Before I begin, I want to make perfectly clear that nothing I’m sharing is intended to take anything at all away from being a woman and mother. That said, my comments are focused in large part on men and fathers but the counsel is generally be applicable to all.
“Fathering is not something perfect men do, but something that perfects the man.” –Frank Pittman
An acknowledgement; we all feel insecure, we all feel not good enough, we all feel like everyone else has it together better than us. We feel overweight, under appreciated, overworked and misunderstood. We all disingenuously represent ourselves to our families, coworkers and peers so as to make everyone think we’re doing just fine; that we don’t need any help because we’ve got it all covered. We all cheat the rules from time to time; none of us are perfect.
Taking all that into account, we are then instructed by the Lord to teach our children in the way that they should go. Are these things really what we want to teach them? I figure our parents taught us, their parents taught them, and so on. We say that we want our children to be genuine and open and honest and true with us but is that really what they see in us? In our family councils, when times are hard, have we openly talked about where the next meal is coming from, how we’re going to put gas in the car or pay the rent? Do our children actually know of our struggles; our worries? Do these things really need to be secrets?
I’m not in any way saying that we need to have a unloading session with our kids but, good or bad, we are who we are today as a result of the things we learned and experienced yesterday and are experiencing now. How we deal with day-to-day issues and crises matters to us, our families and, most importantly, to our kids. If those experiences and lessons are not shared in an appropriate way then are we really teaching them the way they should go? Kids learn to see through smoke screens and lip service. They ultimately do the same things we do, taking each day at a time, learning as they go. My proposal to you is that we become fellow travelers vice only tour guides. They bring their own lifetimes worth of experiences; experiences that include those they brought with them into this world and, as a result, they sometimes have a completely different viewpoint than we do. We can learn from them.
As part of their development, children most certainly need rules, they need to know what the boundaries are and what the consequences may be if they don’t abide by those limits. They need to understand the limits and that understanding has to change as they age and mature. That understanding is different for each and every child. Without doubt, it will be different than it was for us. They are not us.
“My father didn’t tell me how to live. He lived and let me watch him do it.” –Clarence Budington Kelland
We don’t need to try and protect our kids from each and every unique experience. They are going to walk a path that will ultimately make them who they are to be despite our best efforts at choreography. They are going to sometimes make mistakes, fail and feel bad. Many times their decisions will result in good things. We should educate them sufficiently through our own example so that they know how to make their own decisions, good or bad, and deal with the consequences. We need to help them to recognize long term happiness over that which is fleeting. There isn’t any magical method to determine what these unique experiences may be or when they will occur which is why we need to faithfully go to the Lord and ask his help in raising them.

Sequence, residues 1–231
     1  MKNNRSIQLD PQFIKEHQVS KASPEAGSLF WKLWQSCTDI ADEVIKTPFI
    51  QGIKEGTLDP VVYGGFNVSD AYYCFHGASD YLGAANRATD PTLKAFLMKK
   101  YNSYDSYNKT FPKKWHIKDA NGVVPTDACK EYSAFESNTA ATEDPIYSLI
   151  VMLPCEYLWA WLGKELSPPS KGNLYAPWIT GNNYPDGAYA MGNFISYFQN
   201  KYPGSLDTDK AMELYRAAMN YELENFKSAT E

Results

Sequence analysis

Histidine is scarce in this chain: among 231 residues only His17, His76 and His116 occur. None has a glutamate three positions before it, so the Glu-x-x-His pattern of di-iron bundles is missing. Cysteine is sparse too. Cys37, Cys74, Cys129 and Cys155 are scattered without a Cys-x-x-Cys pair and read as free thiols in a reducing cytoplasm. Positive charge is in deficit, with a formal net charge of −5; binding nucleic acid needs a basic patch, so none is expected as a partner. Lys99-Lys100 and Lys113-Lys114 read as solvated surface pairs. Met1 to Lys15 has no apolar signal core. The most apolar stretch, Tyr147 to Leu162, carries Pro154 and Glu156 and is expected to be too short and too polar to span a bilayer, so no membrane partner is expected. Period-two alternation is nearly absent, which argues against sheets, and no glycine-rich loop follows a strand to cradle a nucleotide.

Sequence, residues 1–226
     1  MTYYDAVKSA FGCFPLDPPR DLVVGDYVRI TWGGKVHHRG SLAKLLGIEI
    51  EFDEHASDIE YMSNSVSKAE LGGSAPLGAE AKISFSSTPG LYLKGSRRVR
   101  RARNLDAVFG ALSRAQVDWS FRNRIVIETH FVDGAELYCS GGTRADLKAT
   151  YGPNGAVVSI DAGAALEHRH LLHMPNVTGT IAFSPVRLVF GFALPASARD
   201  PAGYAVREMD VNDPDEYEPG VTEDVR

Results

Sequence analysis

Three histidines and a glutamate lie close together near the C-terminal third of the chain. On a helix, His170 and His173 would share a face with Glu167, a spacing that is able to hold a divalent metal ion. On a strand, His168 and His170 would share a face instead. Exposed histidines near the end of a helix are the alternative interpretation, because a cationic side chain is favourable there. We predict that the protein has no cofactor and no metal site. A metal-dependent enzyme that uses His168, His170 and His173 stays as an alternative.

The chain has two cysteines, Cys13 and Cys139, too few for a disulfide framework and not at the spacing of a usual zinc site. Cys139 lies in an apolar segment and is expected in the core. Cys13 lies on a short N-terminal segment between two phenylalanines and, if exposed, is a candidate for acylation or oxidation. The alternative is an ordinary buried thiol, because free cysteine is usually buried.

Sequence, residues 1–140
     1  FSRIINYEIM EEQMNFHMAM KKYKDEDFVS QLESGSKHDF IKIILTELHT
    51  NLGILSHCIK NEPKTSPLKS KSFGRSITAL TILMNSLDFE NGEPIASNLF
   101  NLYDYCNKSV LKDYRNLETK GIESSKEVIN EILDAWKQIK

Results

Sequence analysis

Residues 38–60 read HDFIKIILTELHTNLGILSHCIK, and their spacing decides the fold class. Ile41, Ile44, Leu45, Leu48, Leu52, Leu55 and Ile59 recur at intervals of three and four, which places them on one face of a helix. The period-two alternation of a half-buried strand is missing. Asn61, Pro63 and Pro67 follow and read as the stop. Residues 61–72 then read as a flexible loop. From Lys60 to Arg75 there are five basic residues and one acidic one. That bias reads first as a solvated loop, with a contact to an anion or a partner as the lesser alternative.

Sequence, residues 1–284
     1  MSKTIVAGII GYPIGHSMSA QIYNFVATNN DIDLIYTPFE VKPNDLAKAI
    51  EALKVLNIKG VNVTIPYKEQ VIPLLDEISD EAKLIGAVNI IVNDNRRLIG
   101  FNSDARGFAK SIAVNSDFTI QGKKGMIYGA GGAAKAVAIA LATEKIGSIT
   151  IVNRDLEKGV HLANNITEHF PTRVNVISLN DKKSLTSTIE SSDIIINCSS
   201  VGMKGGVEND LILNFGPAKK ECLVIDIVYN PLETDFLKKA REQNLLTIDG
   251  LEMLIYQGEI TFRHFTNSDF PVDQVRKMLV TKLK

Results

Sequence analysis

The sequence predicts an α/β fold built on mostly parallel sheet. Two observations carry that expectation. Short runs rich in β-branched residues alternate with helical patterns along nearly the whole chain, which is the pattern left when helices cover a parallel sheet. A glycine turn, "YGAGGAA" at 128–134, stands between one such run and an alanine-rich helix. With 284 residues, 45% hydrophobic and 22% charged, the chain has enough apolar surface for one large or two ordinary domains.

As parents, we are essentially required to learn on the fly when we need to be more heavily involved. Our children must be taught how to be responsible for their own actions. How and when we teach these concepts varies with each child. I’m grateful I didn’t have to figure this all out on my own but, on far too many occasions, I admittedly tried.
As a child, I feel was fairly free to make my own decisions. It worked for me. That approach may not have worked as well for my younger sister but, even though she required a stronger hand and led a rougher life in some ways, she turned out to be an incredible person, an incredible Mom, with an awesome family.
“Every father should remember one day his son will follow his example, not his advice.” –Charles Kettering
Based on how my parents raised me, I’ve tried to allow my children to deal with the consequences of their own actions and then figure out when and how I needed to be involved. None of us walk the same path, our kids are not us and we will be significantly less successful as a parent if we try to make them us rather than caring for them individually as the Lord understands and individually cares for us.
The Lord treasures agency, we need to teach our children the value of agency. They need to know that their decisions matter and are essential to learning in this life and in achieving eternal life with our Father in Heaven. They need to understand that their actions are not taken in a vacuum and nearly always affect other people. They need to own their decisions and take responsibility when they impact others. We need to teach them to forgive quickly when the actions of others impact them.
It’s not important for our kids to be perfect angels at all times and in all places; it’s more important that they have a relationship with us and with their Father in Heaven. This needs to be a bond that can withstand the test of time and the trials of life. Through this relationship they should learn how to love and care for others. They should learn how to love and care for themselves. They need to know how to communicate with us and with their Father in Heaven.
Do we effectively teach our kids how to tell where they stand with their Father in Heaven? Do they know how to go to their Father in Heaven with an accounting of where they think they are? Do they feel confident He is there to assist them, individually? Will they trust the guidance they receive? Will they recognize it? Do we ourselves know this and do we believe it applies to us?
“The lone father is not a strong father. Fathering is a difficult and perilous journey and is done well with the help of other men.” –John L. Hart